Google Nexus 10 Reviews, Specifications & Features

By on 07:28

The Nexus 10 inherits the smaller design quirks of any Android 4.2. That being said, the Nexus 10 benefits them anyway. It has no bloatware, no unnecessary tools or display attributes (think of the utterly unsuitable icons in Motorola's Blur interface or the now unbearable whistling notification sound on Samsung Galaxy devices). The whole operating system seems to meet the promoted vision of Google. Here are a few attributes of the Nexus 10 that they will not tell you about in the TV adverts (for better or worse). The device is not perfect, but no tablet on the market is (at least at the moment).

# Android integration

Google Nexus 10 is able to run on Android 4.2.1. To the operating system, which in comparison to the first jelly bean iteration 4.1, seems a little immature in some respects. Android 4.2 brings the familiar layout of Android SmartPhones to control the operating system. This brings several changes: Android now owns the 10-inch rigid dockbar for apps that is visible on any home screen. In the middle of the dock, there is a button called the App Drawers that was formerly in the top right. The control buttons are “Back”, “Home” and “Multitasking” are now placed below the middle, while they were on the bottom before. The search bar along with the Voice Search has moved: While previously a small part of the screen in the top left was occupied, the search bar now sits rigidly at the top and takes 70 percent of the screen width.

# One handed improvements

Google has no trouble making layout changes to the Nexus 10, to the point where usability is sacrificed in favor of an apparently desired uniformity in the operation of Android. With 7-inch tablets like the Nexus 7 this change is less important, but with the operation of larger devices it has made them easier to carry and use whilst holding it in one hand. Almost all important controls to interact with the home screen are now moved to the center of the screen, making one-handed use a lot easier.

# Odd volume controls

The sound volume keys at the wrong way around with the Nexus 10. If you press left whilst in portrait mode, the system volume decreases and vice versa. In landscape mode, this may be useful because then the pushing direction corresponds to the on-screen volume. In portrait mode, the volume, however, is again contradictory: If you press up, the volume goes down.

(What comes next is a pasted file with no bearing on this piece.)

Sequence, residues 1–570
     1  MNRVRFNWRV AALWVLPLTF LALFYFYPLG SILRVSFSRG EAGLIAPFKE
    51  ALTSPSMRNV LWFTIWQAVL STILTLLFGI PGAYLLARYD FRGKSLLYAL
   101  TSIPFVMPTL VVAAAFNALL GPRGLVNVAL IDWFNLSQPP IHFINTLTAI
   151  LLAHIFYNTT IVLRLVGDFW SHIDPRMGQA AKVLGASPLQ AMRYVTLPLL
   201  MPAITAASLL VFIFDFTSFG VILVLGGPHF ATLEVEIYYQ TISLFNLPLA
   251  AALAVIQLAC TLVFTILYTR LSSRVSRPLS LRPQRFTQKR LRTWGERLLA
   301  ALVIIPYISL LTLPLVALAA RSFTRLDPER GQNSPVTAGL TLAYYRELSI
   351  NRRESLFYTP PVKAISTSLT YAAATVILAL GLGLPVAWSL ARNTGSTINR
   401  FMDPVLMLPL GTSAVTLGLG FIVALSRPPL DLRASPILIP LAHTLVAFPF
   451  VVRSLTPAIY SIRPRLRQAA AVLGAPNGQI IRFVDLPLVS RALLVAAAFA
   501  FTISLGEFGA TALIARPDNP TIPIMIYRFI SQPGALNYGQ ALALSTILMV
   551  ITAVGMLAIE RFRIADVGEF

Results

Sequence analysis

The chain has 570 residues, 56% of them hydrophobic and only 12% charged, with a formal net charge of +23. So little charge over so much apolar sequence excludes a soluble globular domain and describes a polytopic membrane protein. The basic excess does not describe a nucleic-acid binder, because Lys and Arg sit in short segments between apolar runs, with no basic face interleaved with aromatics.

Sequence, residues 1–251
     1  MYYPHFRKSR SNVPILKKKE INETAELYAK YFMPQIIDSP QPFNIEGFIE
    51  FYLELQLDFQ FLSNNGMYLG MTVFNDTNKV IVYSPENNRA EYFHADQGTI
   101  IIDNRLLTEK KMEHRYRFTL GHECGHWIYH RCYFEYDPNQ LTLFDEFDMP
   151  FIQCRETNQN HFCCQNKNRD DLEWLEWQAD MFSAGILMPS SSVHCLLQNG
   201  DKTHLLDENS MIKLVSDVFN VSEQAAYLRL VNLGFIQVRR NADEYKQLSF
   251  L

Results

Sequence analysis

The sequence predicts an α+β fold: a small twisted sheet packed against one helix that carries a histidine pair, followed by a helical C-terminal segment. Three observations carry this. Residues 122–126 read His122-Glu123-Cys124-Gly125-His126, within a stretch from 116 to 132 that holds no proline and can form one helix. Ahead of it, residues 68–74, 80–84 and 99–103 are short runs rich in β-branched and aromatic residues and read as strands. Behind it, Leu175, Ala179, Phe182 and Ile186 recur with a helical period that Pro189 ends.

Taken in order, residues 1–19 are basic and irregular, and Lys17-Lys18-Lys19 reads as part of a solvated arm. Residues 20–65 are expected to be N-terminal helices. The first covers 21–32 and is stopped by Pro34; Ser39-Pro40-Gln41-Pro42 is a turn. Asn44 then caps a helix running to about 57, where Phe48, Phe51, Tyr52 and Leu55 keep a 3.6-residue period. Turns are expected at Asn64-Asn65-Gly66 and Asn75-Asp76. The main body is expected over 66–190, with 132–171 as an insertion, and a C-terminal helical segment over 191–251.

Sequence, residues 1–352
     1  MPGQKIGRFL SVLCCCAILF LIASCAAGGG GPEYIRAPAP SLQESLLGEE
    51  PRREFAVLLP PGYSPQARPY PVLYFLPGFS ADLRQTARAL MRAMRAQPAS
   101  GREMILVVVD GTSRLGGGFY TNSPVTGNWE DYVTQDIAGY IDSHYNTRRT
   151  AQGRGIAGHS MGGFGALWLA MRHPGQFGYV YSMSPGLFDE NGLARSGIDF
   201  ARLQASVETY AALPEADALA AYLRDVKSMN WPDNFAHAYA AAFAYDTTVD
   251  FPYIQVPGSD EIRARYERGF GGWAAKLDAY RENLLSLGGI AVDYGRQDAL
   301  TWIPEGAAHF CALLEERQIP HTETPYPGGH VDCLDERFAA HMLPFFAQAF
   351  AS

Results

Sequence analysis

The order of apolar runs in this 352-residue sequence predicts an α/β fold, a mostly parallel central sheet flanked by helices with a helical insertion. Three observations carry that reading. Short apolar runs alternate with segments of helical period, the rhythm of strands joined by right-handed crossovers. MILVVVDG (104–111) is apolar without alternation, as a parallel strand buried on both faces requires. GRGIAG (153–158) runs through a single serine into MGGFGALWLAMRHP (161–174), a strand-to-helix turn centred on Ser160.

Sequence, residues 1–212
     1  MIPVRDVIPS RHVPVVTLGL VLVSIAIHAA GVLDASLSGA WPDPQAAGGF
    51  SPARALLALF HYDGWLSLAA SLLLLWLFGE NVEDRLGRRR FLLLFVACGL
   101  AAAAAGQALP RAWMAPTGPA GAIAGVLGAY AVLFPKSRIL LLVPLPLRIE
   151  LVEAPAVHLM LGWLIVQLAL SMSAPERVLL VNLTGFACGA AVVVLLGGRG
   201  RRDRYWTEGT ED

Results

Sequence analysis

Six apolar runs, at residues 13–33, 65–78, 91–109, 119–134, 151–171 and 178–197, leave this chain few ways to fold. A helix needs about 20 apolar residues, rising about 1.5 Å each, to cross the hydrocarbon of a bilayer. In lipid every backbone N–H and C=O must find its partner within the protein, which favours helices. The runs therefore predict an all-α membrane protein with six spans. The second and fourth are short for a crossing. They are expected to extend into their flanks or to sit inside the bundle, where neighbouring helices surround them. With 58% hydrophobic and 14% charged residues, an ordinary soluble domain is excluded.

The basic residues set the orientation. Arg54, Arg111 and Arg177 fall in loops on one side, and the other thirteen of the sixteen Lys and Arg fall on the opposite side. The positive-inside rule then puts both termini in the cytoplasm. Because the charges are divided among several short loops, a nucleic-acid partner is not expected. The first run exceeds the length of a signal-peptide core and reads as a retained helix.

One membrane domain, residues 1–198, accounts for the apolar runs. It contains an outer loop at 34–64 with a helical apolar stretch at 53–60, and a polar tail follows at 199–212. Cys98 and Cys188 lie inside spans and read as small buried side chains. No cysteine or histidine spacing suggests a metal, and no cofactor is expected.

# Multi user functions

The device has multi user functions, which allow it to switch between the accounts, basic settings and home screen apps. Unfortunately, the icons for switching accounts are placed on the lock screen. So if you want to unlock the device using “Face Unlock”, you have to hurry before the Face Detection function is terminated and the device activates its own account (similar to an administrator account on a desktop computer), which is unfortunately quite annoying.

# Fewer Tablet apps for the Nexus 10

Apps made ??on the Nexus 10 have problems because many developers do not create apps that are adapted to tablets. Good tablet apps are in the Play Store still not nearly as abundant they are in Apple's App Store, but currently at least, the trend shows that more and more developers are upgrading their apps accordingly.

# Net surfing

Surfing the net makes the Nexus 10 fun again, the Chrome browser behaves almost like its desktop counterpart, and also the performance when zooming or scrolling is hardly distinguishable from a home PC.

# Performance

The Nexus 10 is the first Android device (and according to the current Samsung Chromebook second ever) in which lies an Exynos chip of the fifth generation. The Exynos 5250 features two CPU cores with ARM's new Cortex A15 design; it is over-clocked to 1.7 GHz and is accompanied by a powerful ARM Mali-T604 quad-core GPU. 2 GB RAM that is also stuck in the device.

Can the state-of-the-art chip technology be used to offset the fact that in the SoC (System-On-a-Chip) only two CPU cores are used instead of four over-clocked ones? In large part, yes.

The Nexus 10 is caught between the hitherto highest performing dual-core CPUs, the Qualcomm Snapdragon S4, and the devices with quad-core Tegra 3 SoC. Off-screen graphics benchmarks of the Exynos 5250 have surpassed the performance values ??of Tegra 3 (in some cases even quite significantly).

On the home screen, the performance of the Nexus 10 is usually very good. Stuttering only occurs when using complex Live Wallpaper. In graphics-intensive games you have to live with the fact that the Nexus 10 runs at the lower ends of the liquid playability, such as that required for “Need for Speed ??Most Wanted”, GTA 3 (Grand Theft Auto for those over 40yrs old) can run with low graphic settings, and thankfully it gives you the opportunity to internally change down the game resolution used. With a setting of as much as 75%, GTA then ran extremely smoothly.

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